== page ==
What’s the biggest single difference between you and a dandelion?
Think about that for a moment. You both take in nutrients, air and water; you both grow, you both age. So what’s the difference?
Remember the last time you saw a dandelion? An argument could be made (and in fact I’m going to make it) that the biggest difference between the two of you is that you can remember that meeting and it can not.
Memory not only sets us apart from plant life, it sets us apart from each other. The kind of people we are, the way we do things, the way we talk, the things we talk about and our reactions to new events all depend on our memories. It’s the source of our sense of identity. Physically, you’re not the same person you were 10 years ago. Your only link with that past self is your memory. If you couldn’t remember from second to second any of your previous actions, you would have no more sense of who you are than — well, than a dandelion.
But what is memory? How is it formed and where is it stored?
Ah, now that’s the whatever-a-Nobel-Prize-is-worth-these-days question.
A few things seem pretty obvious. There are apparently three kinds of memory: sensory, short-term and long-term. Sensory memory is the information from our senses which is stored just long enough for our brains to make sense of it. The best-known example of this is the momentary retention of images that allows us to see a rapidly-changing series of still photographs as a motion picture.
Short-term memory (also called working memory) is the brief retention (for about 20 seconds) of information that’s not needed permanently. For example, you remember a phone number you look up in the book long enough to pick up the telephone and dial, but two days later you probably won’t remember the number, and maybe not even making the call.
However, you will if that information has been stored in long-term memory. If, when you made that call, the person on the other end informed you you had won $20 million, you’ll probably remember making that call for the rest of your life, just as you remember your first dog or your vacation to Fiji four years ago.
Memory can also be divided into declarative and procedural. Declarative memory involves facts such as names, dates, phone numbers and hockey scores. Procedural memory is acquired by practice or conditioning. Touch-typing and skateboarding skills would be examples of procedural memory.
Still, classifying types of memory isn’t the same thing as explaining it. It’s here that things get difficult, because nobody is really sure how memory works in the human brain. But we have some ideas . . .
Some basic research into the subject has been conducted by neurobiologist Eric Kandel of the Howard Hughes Medical Institute at Columbia University. Rather than tackle the daunting complexity of the human brain, he has done research with the sea slug Aplysia, which has only 20,000 neurons (nerve cells), which are both very large and naturally coloured yellow-orange, making them easy to identify.
Even with only 20,000 neurons, sea slugs are pretty good students. Squirt a slug’s tail with water, apply an electric shock, and repeat a few times, and the slug soon learns to jerk in its tail and gills at the first squirt, in expectation of the shock to follow.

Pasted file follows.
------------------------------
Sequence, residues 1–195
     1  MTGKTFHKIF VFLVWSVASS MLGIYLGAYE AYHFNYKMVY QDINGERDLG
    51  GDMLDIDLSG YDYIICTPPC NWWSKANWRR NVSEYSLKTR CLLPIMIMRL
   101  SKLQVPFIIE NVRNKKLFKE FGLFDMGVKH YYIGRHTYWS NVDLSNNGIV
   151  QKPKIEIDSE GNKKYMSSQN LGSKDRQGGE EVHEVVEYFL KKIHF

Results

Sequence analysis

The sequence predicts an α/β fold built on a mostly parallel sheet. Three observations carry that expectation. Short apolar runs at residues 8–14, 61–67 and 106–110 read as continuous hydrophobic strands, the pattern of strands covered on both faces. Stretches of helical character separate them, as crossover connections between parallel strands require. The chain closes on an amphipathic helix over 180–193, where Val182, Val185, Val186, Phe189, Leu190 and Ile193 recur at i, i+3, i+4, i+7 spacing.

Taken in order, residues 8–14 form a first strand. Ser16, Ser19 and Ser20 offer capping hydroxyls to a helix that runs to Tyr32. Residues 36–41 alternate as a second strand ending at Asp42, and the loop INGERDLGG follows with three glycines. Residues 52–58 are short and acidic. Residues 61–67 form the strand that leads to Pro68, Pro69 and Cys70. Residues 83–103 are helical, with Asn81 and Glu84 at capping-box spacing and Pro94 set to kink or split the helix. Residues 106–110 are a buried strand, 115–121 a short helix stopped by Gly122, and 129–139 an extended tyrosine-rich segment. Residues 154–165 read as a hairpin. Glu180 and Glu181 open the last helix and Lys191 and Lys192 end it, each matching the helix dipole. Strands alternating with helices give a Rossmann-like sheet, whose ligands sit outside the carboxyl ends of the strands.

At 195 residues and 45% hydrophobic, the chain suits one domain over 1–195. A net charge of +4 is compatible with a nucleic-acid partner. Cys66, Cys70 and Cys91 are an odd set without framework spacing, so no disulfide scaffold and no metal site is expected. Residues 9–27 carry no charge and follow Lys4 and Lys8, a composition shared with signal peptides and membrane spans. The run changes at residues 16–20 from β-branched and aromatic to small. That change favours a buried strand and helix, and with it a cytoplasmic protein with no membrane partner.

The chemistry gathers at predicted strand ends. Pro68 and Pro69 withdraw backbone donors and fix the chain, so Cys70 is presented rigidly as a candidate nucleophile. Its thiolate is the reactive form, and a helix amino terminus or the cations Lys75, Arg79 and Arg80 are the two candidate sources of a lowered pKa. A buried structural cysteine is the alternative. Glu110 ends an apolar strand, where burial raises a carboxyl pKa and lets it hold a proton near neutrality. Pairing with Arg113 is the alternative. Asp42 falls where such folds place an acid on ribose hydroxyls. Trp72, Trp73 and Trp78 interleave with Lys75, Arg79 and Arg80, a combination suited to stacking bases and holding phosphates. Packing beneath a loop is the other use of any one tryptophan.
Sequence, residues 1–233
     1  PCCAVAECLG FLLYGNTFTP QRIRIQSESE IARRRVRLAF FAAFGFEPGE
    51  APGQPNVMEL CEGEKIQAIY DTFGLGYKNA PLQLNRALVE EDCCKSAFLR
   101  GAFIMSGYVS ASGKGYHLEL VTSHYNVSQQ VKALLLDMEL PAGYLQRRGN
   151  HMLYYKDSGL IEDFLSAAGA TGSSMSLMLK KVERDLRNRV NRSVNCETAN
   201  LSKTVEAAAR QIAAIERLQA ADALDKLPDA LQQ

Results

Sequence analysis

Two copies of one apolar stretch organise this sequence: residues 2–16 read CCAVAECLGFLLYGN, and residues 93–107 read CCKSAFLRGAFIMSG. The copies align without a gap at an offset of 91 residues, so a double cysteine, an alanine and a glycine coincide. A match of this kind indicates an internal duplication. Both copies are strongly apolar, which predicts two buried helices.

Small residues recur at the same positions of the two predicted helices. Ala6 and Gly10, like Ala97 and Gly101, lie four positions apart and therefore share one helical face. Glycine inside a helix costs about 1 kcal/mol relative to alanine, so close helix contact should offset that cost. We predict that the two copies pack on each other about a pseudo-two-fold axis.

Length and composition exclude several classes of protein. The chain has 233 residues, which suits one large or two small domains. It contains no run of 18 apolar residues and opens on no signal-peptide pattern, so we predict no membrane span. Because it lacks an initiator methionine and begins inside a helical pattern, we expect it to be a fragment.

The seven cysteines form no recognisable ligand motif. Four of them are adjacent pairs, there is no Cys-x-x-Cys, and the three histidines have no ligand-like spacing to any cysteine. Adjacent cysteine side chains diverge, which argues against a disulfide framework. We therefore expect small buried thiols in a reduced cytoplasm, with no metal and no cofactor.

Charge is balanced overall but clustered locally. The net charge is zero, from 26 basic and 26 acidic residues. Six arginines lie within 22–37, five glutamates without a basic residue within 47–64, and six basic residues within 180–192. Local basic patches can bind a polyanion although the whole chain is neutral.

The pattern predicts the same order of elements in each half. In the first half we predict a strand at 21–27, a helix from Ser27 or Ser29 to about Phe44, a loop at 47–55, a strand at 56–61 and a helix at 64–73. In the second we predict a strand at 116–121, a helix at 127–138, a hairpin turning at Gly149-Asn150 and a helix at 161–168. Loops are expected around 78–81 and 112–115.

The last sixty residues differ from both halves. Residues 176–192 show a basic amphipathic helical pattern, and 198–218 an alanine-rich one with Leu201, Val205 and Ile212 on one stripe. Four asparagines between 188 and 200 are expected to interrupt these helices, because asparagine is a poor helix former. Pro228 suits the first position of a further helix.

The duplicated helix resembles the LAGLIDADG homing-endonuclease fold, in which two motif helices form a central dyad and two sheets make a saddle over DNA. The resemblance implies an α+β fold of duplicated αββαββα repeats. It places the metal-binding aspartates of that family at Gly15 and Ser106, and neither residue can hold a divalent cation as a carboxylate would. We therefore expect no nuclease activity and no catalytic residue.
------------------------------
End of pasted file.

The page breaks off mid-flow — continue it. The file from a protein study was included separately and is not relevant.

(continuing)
To travel from one nerve cell to another, nerve impulses must jump across a gap called a synapse. This leap is made by a chemical called a neurotransmitter. What Kandel found in the sea slug is that repeated shocks sensitize neurons along the path followed by the nerve impulses, increasing their production of neurotransmitters and thereby enabling a quicker response to the stimulus.
That sensitivity vanishes quickly, however, unless the shocks recur. If stimulated often enough, the “memory” becomes permanent, moving from short-term storage to long-term. It appears that genes within the neurons are “switched on” and began physically restructuring the synapse so that no matter how infrequently the tail is squirted in the future, the slug is still prepared to batten down the hatches against the expected shock. This restructuring of neurons has been observed in higher animals such as rats, as well.
This new built-in sensitivity of nerve cells to specific stimuli is called long-term potentiation, and was the first demonstration of a possible mechanism for the formation of long-term memory formation.
Memory is a very hot topic of research right now — some interesting work is also underway at the University of Toronto using nematodes, worms no bigger than pinheads. Even these tiny creatures, consisting of a mere 1,000 cells (of which 302 are brain cells) can learn and remember, and using them researchers hope to gain new insights, particularly into whether memory is stored in individual brain cells.
Of course, it’s a long way from the tail-withdrawing reflex of a sea slug and the 302-cell brain of a nematode to the full-colour Dolby stereo memories you have of your third-grade teacher. But scientists are beginning to take the steps that may some day lead us to a full understanding of how and why we remember the dandelion.
See, thanks to memory, you knew what dandelion I was talking about. Let’s see a garden weed do that!